Whether it’s a reaction to grass, trees, ragweed or any one of a score of other spring and summer time seasonal triggers, for some of us this time of year can be sheer misery. At the core, your body’s immune system is reacting to something that it should be ignoring. Once you’re exposed, you develop the runny eyes, blocked nose, sneezing, coughing and congestion. Here are some ways you can help to reduce the impact of your seasonal allergies:
1) Keep your house and car windows closed during the pollen season. Clean the air filters on your air conditioning and use it.
2) Stay indoors and limit your outside activities when the pollen counts are high. There are a number of on-line sources for that information.
3) Don’t cut the grass yourself and stay away from areas where the grass has just been cut if an allergy to grass pollen is your main trigger.
4) If you’ve been outdoors doing work on the garden etc., wash off and change your clothes so you don’t bring the pollen home with you. You may need to shower to get all the pollen out.
5) Your pets can bring pollen in with them. You might want to limit their time outside or restrict it to areas where there is less pollen around.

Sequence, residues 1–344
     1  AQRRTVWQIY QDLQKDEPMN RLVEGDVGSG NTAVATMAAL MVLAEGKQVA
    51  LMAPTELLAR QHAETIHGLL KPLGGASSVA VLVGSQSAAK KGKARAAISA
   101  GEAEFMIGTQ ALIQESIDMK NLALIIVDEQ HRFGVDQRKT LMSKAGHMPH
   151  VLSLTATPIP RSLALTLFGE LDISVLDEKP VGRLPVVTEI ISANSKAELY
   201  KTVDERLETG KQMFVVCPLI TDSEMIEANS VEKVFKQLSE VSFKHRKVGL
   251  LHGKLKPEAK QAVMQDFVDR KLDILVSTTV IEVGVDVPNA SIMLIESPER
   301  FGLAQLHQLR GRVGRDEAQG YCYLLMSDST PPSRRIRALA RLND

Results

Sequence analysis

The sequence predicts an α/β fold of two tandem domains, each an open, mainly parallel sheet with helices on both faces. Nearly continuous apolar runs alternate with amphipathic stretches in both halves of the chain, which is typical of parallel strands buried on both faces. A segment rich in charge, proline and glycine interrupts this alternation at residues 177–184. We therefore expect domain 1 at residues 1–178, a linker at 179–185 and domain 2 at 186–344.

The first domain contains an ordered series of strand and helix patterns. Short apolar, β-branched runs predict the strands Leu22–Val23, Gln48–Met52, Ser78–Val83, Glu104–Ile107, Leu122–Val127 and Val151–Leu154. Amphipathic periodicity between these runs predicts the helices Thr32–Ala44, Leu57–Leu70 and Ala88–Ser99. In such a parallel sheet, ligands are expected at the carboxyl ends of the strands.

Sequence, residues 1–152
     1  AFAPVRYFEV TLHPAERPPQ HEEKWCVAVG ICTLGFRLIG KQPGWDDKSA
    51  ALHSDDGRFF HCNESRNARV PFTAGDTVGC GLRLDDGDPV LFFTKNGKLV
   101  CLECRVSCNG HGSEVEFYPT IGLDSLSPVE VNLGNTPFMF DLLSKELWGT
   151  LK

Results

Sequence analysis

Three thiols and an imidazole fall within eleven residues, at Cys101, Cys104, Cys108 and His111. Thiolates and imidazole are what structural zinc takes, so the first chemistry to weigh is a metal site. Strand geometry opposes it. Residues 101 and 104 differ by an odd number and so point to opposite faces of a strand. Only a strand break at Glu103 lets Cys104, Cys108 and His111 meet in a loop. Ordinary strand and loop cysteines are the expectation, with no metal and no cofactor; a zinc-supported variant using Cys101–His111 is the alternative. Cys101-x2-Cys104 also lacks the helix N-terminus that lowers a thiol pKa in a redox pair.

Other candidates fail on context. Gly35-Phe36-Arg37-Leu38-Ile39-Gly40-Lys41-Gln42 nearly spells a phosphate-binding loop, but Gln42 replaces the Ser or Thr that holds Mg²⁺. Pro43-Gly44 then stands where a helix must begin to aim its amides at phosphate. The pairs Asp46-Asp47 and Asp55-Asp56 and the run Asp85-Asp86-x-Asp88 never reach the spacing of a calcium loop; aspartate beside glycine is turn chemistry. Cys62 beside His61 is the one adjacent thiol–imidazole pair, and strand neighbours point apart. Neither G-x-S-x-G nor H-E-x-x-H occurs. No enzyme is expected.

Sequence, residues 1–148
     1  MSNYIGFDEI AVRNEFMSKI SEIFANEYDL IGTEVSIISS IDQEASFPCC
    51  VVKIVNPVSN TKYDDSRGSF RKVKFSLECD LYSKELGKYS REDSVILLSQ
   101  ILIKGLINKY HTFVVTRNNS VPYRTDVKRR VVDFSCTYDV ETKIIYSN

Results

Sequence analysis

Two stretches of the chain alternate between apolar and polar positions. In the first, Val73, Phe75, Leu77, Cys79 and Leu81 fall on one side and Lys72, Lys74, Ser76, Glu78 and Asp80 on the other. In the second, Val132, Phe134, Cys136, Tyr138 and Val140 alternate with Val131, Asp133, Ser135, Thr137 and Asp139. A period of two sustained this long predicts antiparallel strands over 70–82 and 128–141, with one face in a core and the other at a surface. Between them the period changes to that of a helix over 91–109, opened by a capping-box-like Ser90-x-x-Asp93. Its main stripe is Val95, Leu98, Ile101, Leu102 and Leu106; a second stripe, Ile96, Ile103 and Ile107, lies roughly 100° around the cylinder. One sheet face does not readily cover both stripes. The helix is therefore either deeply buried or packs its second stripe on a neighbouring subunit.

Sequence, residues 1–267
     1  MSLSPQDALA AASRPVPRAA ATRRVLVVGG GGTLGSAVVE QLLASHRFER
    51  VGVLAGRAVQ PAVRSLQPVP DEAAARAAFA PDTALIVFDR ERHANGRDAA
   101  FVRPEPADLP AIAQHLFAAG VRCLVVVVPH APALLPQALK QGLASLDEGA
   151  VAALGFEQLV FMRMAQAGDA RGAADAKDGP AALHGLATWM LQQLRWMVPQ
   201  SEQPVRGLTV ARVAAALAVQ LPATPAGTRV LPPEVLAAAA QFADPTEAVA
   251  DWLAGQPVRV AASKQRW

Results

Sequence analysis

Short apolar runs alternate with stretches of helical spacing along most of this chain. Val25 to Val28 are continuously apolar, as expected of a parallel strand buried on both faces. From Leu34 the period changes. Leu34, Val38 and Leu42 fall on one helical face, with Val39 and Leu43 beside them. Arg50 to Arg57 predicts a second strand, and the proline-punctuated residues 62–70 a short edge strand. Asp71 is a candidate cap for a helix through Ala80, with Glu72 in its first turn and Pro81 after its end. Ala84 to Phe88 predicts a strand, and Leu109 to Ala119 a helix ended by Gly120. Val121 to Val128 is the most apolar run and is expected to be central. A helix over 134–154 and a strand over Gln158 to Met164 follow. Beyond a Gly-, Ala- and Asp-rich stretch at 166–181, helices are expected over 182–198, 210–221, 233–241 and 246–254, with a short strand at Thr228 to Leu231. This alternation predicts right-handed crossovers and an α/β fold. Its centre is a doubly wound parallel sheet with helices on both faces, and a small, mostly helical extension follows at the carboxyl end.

6) As lovely as laundry smells and feels when it’s been drying outdoors, it will carry pollen in with it and so your sheets, towels, bed covers and clothes should not be hung outside to dry.
7) Pollen counts are typically highest in the early morning hours between 5 and 10 a.m. so you might want to avoid being outside then.
At the end of the day, many of us will still need medication on top of all the above to control our symptoms but following these simple guidelines will help.
Dr. Mitch Shulman is an Assistant Professor, Dept. of Surgery, McGill Medical School and an Attending Physician, Emergency Department, McGill University Health Centre. He’s also the CJAD AM 800 Medical Consultant.